Breaking Down Corsi: Looking Into Shot Blocks and Misses

The willingness to block shots is one that’s often touted by the media as being the difference between winning and losing. Players who put their bodies on the line are held in the highest regard and with good reason: Fenwick, which excludes blocked shots tends to be a better predictor of future victories than Corsi, which includes them. The key question around blocked shots, as with anything that correlates well with winning, is whether they’re actually repeatable. We know that blocked shots are valuable, but we want to know whether they tend to happen at random or with some predictability.

A few years ago Sunny Mehta looked into shot blocks and misses over the 2008-2009 season and found that there seemed to be an element of skill in blocking shots, while both shot attempts for blocked, and shot attempts for and against missed seemed to be mostly luck. I wanted to update his study, looking at data from the 2008/09 through to the lockout shortened 2013 season and examining to what degree teams had control over blocked and missed shots. I also wanted to take a look at how each metric broke down between forwards and defenseman, to see whether rates varied the groups. Before we start looking at repeatability though let’s go through some high-level numbers.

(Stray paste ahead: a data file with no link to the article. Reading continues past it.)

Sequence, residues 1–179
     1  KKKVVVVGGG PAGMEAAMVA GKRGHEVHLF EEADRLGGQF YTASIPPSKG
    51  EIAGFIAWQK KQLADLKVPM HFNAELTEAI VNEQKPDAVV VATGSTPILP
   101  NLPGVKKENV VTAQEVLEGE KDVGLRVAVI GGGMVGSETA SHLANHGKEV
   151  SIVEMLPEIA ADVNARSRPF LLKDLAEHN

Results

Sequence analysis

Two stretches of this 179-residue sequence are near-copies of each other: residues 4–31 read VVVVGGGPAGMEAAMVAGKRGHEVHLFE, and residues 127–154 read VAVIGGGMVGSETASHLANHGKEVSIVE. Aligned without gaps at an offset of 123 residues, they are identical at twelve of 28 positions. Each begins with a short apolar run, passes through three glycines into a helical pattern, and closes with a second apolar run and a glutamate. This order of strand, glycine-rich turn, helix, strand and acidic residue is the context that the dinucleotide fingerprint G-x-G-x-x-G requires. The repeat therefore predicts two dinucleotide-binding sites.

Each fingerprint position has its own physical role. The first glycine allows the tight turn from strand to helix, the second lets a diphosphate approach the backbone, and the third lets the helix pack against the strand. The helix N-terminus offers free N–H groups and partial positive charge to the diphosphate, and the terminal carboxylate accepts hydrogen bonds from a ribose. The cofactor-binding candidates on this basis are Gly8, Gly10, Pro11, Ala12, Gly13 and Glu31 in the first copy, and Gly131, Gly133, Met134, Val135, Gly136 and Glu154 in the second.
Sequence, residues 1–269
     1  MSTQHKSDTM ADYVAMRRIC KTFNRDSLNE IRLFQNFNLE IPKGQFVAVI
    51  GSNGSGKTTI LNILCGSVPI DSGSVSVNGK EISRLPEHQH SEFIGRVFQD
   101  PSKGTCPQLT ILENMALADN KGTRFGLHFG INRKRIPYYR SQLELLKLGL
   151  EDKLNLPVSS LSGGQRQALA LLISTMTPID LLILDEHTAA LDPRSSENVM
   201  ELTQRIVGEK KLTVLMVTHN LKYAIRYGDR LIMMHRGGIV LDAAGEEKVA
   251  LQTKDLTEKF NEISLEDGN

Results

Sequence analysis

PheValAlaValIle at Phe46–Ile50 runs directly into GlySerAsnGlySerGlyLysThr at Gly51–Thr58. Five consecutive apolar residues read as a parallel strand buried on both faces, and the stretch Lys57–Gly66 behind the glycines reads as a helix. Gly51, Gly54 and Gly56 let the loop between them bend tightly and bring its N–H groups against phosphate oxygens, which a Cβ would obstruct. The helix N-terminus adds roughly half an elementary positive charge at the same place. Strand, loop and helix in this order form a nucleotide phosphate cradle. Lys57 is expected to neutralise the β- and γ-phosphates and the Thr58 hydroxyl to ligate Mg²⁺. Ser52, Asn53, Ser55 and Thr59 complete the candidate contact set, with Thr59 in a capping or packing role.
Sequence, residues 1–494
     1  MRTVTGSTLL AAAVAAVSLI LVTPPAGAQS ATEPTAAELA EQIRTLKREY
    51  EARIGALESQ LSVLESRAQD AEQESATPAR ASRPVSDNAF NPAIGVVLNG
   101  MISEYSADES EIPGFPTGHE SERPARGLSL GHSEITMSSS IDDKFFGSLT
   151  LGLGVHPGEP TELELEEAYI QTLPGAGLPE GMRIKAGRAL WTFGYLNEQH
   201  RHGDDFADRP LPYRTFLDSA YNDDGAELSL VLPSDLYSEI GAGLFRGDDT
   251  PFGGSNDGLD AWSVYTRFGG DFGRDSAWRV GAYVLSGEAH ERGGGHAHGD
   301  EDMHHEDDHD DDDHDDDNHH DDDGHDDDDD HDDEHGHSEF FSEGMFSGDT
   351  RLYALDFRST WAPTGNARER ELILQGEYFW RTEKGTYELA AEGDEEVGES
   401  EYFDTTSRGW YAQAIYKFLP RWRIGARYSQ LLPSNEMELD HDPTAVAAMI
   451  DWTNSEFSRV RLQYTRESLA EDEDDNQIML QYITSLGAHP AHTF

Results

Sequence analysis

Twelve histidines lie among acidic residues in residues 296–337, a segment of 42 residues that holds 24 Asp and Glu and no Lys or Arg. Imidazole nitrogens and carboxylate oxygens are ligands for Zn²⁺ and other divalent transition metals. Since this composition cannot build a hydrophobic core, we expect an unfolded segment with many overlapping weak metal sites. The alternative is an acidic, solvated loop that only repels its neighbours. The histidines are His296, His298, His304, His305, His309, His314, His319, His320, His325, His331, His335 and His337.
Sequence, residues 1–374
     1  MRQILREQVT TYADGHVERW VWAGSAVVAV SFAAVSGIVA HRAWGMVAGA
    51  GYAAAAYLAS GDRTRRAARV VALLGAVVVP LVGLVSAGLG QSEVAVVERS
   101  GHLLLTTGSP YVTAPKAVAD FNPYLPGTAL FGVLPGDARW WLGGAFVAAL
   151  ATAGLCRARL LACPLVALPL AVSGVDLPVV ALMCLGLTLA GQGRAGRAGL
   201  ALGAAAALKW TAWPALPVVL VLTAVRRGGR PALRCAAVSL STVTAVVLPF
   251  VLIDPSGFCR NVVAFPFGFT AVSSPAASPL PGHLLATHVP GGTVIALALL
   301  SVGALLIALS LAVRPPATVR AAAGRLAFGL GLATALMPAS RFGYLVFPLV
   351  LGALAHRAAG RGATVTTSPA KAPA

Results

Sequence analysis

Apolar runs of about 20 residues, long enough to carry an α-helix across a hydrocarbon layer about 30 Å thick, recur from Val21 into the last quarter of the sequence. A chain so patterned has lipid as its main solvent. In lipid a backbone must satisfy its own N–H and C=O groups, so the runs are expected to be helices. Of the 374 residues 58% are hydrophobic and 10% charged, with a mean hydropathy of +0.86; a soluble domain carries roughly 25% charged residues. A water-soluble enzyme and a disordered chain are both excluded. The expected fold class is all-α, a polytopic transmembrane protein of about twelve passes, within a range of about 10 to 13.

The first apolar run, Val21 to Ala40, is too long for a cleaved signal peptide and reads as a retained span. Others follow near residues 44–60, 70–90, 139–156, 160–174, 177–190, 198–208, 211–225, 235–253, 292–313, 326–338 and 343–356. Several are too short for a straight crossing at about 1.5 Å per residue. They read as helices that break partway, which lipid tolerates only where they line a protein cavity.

Goals Shots Corsi MS BS Sh% FSh% BS% MS%*
F 20531 213655 368133 75971 78507 9.6% 7.1% 21.3% 26.2%
D 3087 72347 161722 34534 54841 4.3% 2.9% 33.9% 32.3%
All 23620 286009 529865 110508 133348 8.2% 5.9% 25.2% 27.8%

*(Fenwick-Shots)/Fenwick

Forwards score on roughly 5.5% more of their shots than defensemen, and roughly 4.2% more of their Fenwick attempts. This is an important fact to keep in mind-blocking a forward’s shot is much more valuable than blocking a defenseman’s. With that being said, defensemen tend to have more of their shots blocked, and tend to miss the net more often on the shots that don’t get blocked. This, of course, makes sense-forwards tend to take shots from closer in, leaving less of a chance to get a leg in the way, or to put it wide or high.

We can also look at the numbers another way, breaking down what percentage of each event comes from shot attempts taken by either forwards or defensemen. While forwards take 74.7% of the shots, they only record 68.7% of the missed shots and 58.9% of the blocked shots, while accounting for 86.9% of the goals scored.

Goals Shots Corsi Missed Shots Blocked Shots
F 86.9% 74.7% 69.5% 68.7% 58.9%
D 13.1% 25.3% 30.5% 31.3% 41.1%

With all that in mind, let’s get down to the more detailed stats: first off, let’s look at whose shots are being blocked and who’s doing the blocking.